But we saw how he couldn’t save himself from Rafiq’s attack on the first visit to pind. Ameera lied through her teeth to save his male pride.
“Woh pyaar jo humara haath thaam chalte thay
Fareb detay rahe woh
Hum fareb khaatay rahe..”
When this verse plays in episode nine, we witness THE moment. Maqsood saab holds Hajra’s hand and leads her to her rightful place as Sakina looks on. The meaningful poetry continues,
“Woh apne jinki mohabbat pe naaz tha humko
Muhabatton ke woh maaray
Fareb detay rahe..”
Sakina and Maqsood’s love story would’ve become a folktale, had they not gotten the chance to meet again and realise people and emotions change over the course of time.
Change is the only thing that’s constant. And when you defy it, your life becomes a mess.
Raqeeb Se won’t give you cliff hangers or answer your questions in a straightforward way.
For some of us, Ameera’s infatuation with Maqsood saab may be a bit too disconcerting. I remember pausing the show when a young girl, visiting from our village, came and sat with me while I was watching Raqeeb Se. I didn’t want an impressionable mind to think of this whole Ameera-Maqsood equation in an aspirational way.
And that’s probably where we make a mistake as an audience. We underestimate ourselves.
Yes, minds like Ameera’s are prone to getting suicidal thoughts. I remember watching a play on PTV where Resham’s character falls in love with Abid Ali’s character. He is her father’s friend and when he doesn’t reciprocate, she commits suicide. The play didn’t have any conclusion or maybe I didn’t “get” it. It didn’t tell me if suicide was the only way out for her or she could’ve gotten over it. I was a kid back then and that play still nags me every now and then.
Similarly, in Raqeeb Se we see Ameera surviving and leading life on her own terms. But throwing in a suicide, just like that, isn’t responsible. Especially, when you follow it up with how everyone gets a weird clarity after Ameera’s reckless step.
Another reckless plot point was Kashif’s death. One second he’s sipping juice, the next one he’s gone. Poof, just like that.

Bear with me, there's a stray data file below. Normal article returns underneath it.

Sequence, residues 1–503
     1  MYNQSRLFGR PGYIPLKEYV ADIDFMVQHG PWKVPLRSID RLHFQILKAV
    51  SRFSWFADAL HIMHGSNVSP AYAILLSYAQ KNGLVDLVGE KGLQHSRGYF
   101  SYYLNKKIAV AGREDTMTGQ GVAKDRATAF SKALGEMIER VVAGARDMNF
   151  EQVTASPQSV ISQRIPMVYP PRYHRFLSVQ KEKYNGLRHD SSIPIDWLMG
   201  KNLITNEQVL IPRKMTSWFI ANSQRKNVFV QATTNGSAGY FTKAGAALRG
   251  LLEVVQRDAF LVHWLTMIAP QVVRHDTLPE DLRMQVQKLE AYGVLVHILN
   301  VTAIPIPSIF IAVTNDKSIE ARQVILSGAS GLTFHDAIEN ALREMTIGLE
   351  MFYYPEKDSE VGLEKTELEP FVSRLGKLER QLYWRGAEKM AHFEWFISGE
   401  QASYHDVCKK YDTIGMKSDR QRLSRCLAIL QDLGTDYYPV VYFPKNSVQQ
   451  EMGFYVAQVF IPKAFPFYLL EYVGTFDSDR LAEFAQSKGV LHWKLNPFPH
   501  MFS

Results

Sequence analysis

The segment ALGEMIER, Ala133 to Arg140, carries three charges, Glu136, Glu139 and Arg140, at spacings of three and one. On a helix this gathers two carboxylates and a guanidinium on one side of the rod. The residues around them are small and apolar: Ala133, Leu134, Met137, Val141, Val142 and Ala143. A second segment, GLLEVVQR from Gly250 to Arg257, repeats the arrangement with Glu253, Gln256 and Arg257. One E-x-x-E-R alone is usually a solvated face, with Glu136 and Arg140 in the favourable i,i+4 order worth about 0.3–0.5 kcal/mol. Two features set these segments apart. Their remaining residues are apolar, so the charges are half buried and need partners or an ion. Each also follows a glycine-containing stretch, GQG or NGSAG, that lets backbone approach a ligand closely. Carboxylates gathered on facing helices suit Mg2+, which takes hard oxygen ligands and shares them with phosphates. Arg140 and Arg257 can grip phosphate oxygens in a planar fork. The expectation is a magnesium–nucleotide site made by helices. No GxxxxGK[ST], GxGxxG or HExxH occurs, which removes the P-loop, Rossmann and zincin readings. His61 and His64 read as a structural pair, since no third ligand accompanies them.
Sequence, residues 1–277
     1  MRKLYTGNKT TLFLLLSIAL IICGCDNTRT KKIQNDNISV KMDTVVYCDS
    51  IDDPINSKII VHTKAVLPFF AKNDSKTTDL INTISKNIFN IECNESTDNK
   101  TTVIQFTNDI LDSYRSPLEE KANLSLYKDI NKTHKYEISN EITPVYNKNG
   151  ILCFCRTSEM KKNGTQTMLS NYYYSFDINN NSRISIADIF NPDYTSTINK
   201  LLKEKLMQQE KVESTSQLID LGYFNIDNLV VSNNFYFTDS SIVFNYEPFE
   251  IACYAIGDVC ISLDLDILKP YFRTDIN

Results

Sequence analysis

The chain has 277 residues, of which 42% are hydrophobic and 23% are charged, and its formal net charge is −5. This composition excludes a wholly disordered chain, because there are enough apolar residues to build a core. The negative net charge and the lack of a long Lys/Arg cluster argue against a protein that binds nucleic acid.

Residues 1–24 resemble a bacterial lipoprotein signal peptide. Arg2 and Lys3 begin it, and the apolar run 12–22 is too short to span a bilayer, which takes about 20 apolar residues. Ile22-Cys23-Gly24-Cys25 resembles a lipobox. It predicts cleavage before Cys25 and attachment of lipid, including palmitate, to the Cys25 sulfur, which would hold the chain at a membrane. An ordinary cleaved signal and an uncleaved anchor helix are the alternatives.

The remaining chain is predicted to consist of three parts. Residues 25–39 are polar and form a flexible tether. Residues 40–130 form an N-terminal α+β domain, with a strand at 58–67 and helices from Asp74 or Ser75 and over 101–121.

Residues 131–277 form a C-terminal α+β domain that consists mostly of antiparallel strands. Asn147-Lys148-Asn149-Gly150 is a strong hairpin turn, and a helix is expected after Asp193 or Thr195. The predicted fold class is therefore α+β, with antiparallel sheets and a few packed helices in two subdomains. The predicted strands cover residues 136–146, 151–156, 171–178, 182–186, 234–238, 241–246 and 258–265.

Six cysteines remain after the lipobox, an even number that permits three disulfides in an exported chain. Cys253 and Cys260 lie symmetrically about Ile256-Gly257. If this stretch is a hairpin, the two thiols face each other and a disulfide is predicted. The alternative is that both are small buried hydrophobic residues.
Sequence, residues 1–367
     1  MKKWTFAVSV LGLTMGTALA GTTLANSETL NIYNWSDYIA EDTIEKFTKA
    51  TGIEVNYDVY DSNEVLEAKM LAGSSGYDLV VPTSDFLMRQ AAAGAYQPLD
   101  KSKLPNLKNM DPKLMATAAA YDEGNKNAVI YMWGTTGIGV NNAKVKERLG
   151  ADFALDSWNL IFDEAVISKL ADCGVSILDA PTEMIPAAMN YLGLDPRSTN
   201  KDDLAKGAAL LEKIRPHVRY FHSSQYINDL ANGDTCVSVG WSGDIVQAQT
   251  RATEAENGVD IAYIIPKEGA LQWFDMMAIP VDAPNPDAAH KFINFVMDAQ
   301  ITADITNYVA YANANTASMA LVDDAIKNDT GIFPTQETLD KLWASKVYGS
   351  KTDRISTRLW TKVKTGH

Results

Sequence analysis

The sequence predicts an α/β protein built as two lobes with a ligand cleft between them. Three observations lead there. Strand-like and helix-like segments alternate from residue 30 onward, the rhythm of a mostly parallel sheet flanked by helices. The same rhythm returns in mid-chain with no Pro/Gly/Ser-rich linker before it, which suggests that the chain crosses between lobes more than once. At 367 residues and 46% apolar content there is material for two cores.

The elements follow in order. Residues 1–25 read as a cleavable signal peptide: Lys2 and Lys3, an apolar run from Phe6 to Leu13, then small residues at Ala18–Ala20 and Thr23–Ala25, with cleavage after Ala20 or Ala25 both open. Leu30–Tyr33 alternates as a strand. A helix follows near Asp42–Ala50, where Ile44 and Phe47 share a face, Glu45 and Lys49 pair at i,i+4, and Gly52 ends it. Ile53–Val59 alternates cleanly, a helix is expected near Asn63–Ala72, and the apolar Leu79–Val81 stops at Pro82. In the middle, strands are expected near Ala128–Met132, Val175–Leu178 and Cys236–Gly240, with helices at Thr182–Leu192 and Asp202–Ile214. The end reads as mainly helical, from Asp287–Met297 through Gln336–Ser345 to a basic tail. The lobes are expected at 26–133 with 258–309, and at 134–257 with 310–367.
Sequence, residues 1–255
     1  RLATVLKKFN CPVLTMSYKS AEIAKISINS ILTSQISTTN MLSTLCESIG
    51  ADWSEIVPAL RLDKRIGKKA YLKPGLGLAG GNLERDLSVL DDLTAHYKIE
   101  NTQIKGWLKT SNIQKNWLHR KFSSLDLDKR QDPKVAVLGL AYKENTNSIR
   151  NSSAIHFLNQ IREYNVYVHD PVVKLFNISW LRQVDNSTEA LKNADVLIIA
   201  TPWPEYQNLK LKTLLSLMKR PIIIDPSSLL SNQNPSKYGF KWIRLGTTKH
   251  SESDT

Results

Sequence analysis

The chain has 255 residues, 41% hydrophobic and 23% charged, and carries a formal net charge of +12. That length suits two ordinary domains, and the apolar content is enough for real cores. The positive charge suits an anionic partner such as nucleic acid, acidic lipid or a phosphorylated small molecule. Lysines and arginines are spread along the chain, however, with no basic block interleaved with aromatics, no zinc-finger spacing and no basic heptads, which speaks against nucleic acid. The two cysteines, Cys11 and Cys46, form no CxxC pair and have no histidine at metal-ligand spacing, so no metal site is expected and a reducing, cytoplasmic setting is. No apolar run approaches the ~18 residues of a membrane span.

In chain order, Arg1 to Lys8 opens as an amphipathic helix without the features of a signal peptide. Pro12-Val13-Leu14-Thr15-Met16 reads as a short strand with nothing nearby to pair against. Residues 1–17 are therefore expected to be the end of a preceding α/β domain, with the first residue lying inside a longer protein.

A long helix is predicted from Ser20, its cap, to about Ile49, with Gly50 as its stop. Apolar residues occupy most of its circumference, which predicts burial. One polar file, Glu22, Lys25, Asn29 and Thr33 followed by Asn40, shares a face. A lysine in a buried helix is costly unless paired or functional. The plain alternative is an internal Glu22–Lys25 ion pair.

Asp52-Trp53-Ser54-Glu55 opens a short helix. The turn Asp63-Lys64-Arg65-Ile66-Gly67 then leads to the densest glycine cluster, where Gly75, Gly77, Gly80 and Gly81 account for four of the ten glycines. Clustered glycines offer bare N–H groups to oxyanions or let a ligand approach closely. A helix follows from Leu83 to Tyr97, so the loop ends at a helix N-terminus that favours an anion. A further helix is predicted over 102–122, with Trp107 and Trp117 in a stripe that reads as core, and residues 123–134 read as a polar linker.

Bee Gul wanted to draw parallels between Sakina and Ameera’s life. I understand. Sakina had to get over Mansoor Ahmed’s khoon ke cheentay and now Ameera has to put Kashif’s blood behind.
How did she survive the shooting? Well, professional assassins don’t really believe in collateral damage. They don’t wish to get their higher-ups in any extra trouble. That’s what Indian don movies have taught me.
Another reason to kill Kashif off can also be to prove to women that they can survive without a man.
Also, Kashif was too good to be true. If you’ve ever done a science experiment, you’d know how the instructor first creates a control – the experiment where every factor is perfect. Kashif was the control every man in Raqeeb Se can be gauged against.
Add a lot of insecurity into the mix and you’ll get Rafiq Ali. Turn the feelings down and pride up, and you’ll get Maqsood saab. Take opportunism to full throttle and you have our Abdul.
But the most plausible reason is the Dhuaan-syndrome. Yep. Ever since Dhuaan killed Nabeel to “Kisse da yaar na vichray” playing in the background, every other character wishes to die like him and every writer wishes to write an iconic death like his. Ashir Azeem – the director and writer of Dhuaan – admitted in one of his interviews that rest of the friends weren’t supposed to die in the end, but looking at Nabeel’s popularity after death, they couldn’t resist.